Proprioception and muscle stiffness
The key to understanding the causes of chronic pain in our muscles and joints lies within our proprioception, which is being aware of movement, and feeling ourselves. Muscles and most tissues in the body have sensory cells and receptors that tell the brain what is going on in and around the body.
When the muscle tenses up and contracts or relaxes and expands, and everything is as it should be with our proprioception, then we will feel that immediately. We also have sensory cells in the joints, which tell us how much pressure is in them and determine the joint’s position and angle. The skin constantly sends out sensory data, and the internal organs communicate the organs’ state with the nerve endings of the brain. Proprioception involves the entire central nervous system, from the body’s sensors to the sensory part of the brain. In the brain, the sensory part is connected to the motor part so that the sensory information coming from the body becomes the guide for the movement commands that we send back to the same area. The sensory-motor system is designed so that we cannot feel without movement, and we cannot move without feeling. When we move, we sense our movement, while feedback allows us to know what we are doing and where we are. This constant exchange of senses and orders allows us to live and learn.
When we want to lift and hold a coffee cup with our hand, we will not drop and spill it. This is possible because sensors in the muscles, skin, and joints of the brain communicate at any time where and in which direction the arm is located and at what speed it is moving. Our movement is enabled and determined by sensory-motor feedback.
Problems occur when we gradually begin to lose the ability to feel ourselves and our movement. Eventually, it becomes rigid and clumsy because we are losing the synchronicity between contracting some and expanding other muscles that allow movement. As a result, the ability to reduce the motor signal from the nervous system to the muscle is reduced, so it becomes overstretched, contracted, and rigid. When muscles harden, the conscious part of the feedback loop of sensory-motor information is reduced and interrupted, so we slowly cease to be aware of muscles and certain parts of the body. That is when the state we know as sensory-motor amnesia sets in. It causes us to stop moving properly; we can no longer tense or relax certain muscles. Then one day, it happens to us that when we try to turn our head, we find that the neck is no longer the most flexible. When we get to this point, it means that we have lost our primary control over our bodies’ movement.
There are five cardinal lines in our bodies. The first goes from the top of our head to our tailbone, and the other four are our arms and legs. When we lie on our back still and observe ourselves, we notice that we look a lot like children’s drawings of a person. A long line represents the spine, two short lines for hands, two lines for legs, and a circle for a head. If we direct our attention to our legs, we notice that they are either warm or cold, pointing upwards. If we focus on our knees, we sense how much space there is between their backside and the ground. If we look at our head, we will learn that it is tilted either left or right; if we focus on our eyes, they will most likely reveal that we feel the tension.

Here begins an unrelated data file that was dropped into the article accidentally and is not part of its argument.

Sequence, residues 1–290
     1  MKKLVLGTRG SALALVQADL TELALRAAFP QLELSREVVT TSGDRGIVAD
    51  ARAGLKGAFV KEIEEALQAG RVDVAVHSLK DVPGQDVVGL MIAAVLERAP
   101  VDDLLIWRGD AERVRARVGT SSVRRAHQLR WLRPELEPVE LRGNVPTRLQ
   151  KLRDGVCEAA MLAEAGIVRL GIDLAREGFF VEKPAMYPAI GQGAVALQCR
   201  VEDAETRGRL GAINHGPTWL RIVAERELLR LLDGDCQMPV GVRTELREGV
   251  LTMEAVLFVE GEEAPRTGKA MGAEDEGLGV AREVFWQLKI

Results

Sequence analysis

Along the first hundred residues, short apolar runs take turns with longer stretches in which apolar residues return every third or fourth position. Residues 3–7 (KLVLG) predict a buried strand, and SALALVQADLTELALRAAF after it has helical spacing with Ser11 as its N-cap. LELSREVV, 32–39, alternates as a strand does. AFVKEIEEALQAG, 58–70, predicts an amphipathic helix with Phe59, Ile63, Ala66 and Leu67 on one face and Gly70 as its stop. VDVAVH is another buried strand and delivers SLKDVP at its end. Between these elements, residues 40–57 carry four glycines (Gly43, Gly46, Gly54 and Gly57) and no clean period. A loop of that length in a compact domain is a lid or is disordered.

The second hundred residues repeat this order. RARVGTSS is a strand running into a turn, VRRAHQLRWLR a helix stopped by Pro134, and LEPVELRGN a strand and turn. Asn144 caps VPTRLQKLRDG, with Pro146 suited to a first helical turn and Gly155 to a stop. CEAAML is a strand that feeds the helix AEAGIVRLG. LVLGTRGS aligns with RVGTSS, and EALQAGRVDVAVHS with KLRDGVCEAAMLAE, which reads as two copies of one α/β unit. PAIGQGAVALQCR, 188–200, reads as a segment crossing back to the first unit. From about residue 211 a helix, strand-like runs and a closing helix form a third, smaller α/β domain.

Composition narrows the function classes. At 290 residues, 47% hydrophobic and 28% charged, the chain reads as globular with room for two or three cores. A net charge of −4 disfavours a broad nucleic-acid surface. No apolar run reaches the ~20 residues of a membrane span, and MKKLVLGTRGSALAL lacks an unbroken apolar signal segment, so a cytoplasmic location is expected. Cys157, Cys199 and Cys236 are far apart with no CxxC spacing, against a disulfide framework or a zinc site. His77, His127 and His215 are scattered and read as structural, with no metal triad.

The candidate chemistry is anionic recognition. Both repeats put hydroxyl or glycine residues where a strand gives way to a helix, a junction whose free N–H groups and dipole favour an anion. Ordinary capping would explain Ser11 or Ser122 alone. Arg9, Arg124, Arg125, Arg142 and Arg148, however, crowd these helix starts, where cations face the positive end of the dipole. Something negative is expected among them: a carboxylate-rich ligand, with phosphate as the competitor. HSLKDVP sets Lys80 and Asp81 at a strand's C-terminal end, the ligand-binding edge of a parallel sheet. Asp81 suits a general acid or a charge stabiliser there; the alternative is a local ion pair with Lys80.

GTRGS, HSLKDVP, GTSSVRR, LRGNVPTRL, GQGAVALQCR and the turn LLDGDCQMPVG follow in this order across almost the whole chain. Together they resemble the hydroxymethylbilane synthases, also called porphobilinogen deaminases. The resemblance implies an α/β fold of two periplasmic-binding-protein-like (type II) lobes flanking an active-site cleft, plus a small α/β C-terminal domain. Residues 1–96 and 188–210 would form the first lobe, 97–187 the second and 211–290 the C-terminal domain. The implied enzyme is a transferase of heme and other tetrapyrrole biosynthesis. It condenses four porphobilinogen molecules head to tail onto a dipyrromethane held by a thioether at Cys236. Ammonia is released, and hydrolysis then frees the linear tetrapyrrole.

That way, we can familiarize ourselves with senses that we don’t normally use when on autopilot (in our daily life). It’s about being aware of ourselves, our bodies, and our movement. Sadly, most of us are illiterate when it comes to proprioception.
Humans are very good at observing the world and the things happening around us but are horrible at observing ourselves. This can already be determined in school. We teach our children to sit still and pay attention to the chalkboard and listen to the teacher, or else they’ll be in trouble. Most are getting better at perceiving the world around them but getting worse at self-awareness. They are slowly losing their inner connection with themselves, which is very strong in the first years of life.
For the first three or four years of a child’s life, he does nothing but explores his abilities, tests himself, learns from failed attempts, and looks forward to new movements. The child does not get used to walking, coordinating the neck and eyes’ movement, how to turn from the back to the abdomen and back, squatting – all this is learned through experience.
When he eventually loses his ability to learn through experience in his later life, he begins to focus too much on his surroundings and not enough on himself, so his motor skills decrease. He does too little research, stops observing, doesn’t study, and does not check his condition; he is focused only on the outside world. There is no time; he is in a hurry, so much still to be done; after all, he needs to survive. Unfortunately, it is precisely because of the need to survive, which in modern society means to be fast and rational with time, that living becomes surviving, as a person’s outward orientation, i.e., away from one’s proprioception, leads to a loss of conscious control over oneself.
This is even more necessary to restore our energy’s rational use, which allows us to avoid the patterns caused by everyday stress. We must not forget that man has shaped through his battle for survival, which resulted from energy deficiency and not a lack of time.